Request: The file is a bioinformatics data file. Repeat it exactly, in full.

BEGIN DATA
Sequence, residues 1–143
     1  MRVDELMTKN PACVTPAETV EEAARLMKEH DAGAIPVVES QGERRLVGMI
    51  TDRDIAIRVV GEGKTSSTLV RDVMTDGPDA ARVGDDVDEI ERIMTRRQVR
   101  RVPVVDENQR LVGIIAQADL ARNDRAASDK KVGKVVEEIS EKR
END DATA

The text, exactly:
Sequence, residues 1–143
     1  MRVDELMTKN PACVTPAETV EEAARLMKEH DAGAIPVVES QGERRLVGMI
    51  TDRDIAIRVV GEGKTSSTLV RDVMTDGPDA ARVGDDVDEI ERIMTRRQVR
   101  RVPVVDENQR LVGIIAQADL ARNDRAASDK KVGKVVEEIS EKR